KARIN: To mom, or not to mom

Moms. You gotta love them.

Moms are some of the hardest working people in the world. They provide comfort after skinned knees and nightmares. They are incredible multitaskers. Some work two jobs just to make sure their child or children have food on the table and a roof over their heads.

Moms seem to be able to do it all, 24 hours a day, seven days a week, 365 days a year.

I, however, am one of the few women who are not seeking to join the club.

I've been looked down on for not wanting children. I've received my share of disapproving looks as if being a mother is the only reason to be a woman or it's the only thing women were made to do in their lives.

But I’ve never felt a maternal instinct. As a child, my room was filled with stuffed animals instead of baby dolls. I didn’t enjoy playing “house” or being a parental figure in the skits my friends and I performed during sleepovers. Being a mom has never been on my bucket list. To be honest, I’ve never felt 100 percent comfortable around children of any age, even when they are members of my extended family.

I don’t believe I’m really cut out to be a mother.

It’s not the pain of childbirth (though that scares me to no end), diaper changing or even waking up to screams at 3 a.m. I can deal with all that. When I think of motherhood, I think of childhood alongside my older brother and what we put my mom through. Constant – yes, constant – fighting, testing her limits, refusing to do daily chores, stressing her out beyond belief. Obviously there were plenty of good times, but right now the negatives are outweighing the positives and making me less than confident I could handle it all.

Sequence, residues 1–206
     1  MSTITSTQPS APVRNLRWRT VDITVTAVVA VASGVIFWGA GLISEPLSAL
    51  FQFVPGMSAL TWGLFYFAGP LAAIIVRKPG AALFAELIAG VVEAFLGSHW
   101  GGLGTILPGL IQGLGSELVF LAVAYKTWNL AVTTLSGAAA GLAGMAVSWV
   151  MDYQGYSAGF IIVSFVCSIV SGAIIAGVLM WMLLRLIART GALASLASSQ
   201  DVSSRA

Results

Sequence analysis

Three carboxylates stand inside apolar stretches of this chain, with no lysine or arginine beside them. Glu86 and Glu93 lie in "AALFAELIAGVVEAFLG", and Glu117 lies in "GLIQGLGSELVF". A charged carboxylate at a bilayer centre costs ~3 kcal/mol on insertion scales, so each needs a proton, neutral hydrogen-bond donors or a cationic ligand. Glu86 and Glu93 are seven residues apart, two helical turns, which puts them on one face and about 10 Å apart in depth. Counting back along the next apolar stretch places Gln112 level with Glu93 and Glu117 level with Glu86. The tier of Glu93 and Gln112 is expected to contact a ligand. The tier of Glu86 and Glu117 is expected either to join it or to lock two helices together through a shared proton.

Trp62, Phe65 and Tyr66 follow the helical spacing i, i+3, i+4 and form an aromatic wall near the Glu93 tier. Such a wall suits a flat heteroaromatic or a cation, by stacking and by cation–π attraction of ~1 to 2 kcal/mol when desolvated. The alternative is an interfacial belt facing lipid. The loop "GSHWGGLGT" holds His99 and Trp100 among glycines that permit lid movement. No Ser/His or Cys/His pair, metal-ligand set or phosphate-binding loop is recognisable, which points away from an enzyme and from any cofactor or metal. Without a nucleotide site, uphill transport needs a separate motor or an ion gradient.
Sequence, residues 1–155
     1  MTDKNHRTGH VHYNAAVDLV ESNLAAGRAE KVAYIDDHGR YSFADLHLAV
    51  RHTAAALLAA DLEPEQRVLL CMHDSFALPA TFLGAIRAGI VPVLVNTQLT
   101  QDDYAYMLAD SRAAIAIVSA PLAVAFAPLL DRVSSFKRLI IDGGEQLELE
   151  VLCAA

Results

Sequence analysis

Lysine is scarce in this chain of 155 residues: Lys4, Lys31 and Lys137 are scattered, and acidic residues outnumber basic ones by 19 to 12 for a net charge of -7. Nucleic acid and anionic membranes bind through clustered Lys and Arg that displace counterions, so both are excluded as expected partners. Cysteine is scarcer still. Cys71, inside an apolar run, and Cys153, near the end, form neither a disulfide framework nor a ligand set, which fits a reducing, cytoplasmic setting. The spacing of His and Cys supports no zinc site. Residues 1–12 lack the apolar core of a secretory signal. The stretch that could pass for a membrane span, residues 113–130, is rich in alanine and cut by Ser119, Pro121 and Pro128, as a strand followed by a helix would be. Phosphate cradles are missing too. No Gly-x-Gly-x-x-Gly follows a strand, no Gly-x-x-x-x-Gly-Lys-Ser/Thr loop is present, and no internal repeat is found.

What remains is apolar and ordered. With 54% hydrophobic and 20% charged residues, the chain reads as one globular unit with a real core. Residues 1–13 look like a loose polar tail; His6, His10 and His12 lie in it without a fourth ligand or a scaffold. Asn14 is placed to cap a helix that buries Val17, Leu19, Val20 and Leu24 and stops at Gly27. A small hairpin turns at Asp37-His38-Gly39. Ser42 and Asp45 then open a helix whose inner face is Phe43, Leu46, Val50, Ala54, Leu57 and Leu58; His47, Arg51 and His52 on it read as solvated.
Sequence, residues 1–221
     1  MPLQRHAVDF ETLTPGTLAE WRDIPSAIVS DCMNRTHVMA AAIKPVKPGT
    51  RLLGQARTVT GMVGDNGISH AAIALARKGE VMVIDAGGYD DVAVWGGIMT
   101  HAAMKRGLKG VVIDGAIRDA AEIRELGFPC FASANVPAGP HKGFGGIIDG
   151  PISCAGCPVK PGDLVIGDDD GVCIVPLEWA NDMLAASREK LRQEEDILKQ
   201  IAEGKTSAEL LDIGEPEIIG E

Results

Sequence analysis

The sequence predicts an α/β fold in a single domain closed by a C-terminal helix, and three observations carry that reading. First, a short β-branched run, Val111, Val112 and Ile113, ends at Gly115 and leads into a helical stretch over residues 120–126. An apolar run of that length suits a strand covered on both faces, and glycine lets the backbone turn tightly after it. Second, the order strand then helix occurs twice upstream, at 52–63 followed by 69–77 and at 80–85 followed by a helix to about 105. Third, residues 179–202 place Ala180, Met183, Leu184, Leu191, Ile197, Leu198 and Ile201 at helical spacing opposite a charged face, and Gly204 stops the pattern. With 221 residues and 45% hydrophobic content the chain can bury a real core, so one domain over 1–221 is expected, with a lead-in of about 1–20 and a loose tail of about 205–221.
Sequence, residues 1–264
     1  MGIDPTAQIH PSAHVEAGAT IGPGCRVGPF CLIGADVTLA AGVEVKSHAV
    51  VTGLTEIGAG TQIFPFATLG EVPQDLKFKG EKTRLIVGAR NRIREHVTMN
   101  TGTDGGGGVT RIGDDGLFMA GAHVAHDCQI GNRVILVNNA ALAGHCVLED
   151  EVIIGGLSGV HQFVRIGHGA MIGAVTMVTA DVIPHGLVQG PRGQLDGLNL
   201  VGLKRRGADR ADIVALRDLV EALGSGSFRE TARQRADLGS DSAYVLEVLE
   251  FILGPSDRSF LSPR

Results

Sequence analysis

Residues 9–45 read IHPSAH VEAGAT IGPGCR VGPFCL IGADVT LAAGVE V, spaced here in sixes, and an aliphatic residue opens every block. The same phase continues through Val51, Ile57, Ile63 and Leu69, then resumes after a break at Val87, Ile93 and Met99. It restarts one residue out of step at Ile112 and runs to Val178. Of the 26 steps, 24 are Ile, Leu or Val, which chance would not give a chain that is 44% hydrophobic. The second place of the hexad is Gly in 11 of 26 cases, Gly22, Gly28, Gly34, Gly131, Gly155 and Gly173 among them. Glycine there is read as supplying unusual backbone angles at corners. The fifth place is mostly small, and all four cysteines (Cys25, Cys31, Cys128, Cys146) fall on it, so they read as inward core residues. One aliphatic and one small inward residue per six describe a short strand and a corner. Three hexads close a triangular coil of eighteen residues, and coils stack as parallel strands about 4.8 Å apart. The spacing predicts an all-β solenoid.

I bet I can count on less than five fingers how many times I’ve seriously thought about having children of my own – either through adoption or natural process. For as long as I can remember I‘ve been told, “you’ll change your mind when you get older.” But I haven’t yet, and I’m 28.

Of course, I’m open to the idea that my opinion could change, and if it does, I guess everyone was right. But for now, I’ll experience motherhood vicariously through my coworker, Whitney, who writes a charming, pointed and down to Earth parenting column for Saturday’s edition of the Pioneer and each issue of the Herald Review.

As a non-parent with little desire for my own children, I enjoy reading it every week.

So to all the moms out there – you’re amazing, deserving of the utmost respect. You always should be cherished and loved. Your hard work has not gone unseen or unappreciated.  Still, I will leave you with the sleepless nights, potty training, the testing of nerves and the completely wonderful, loving and worth-it-all moments that make motherhood special.

Happy Mother’s Day.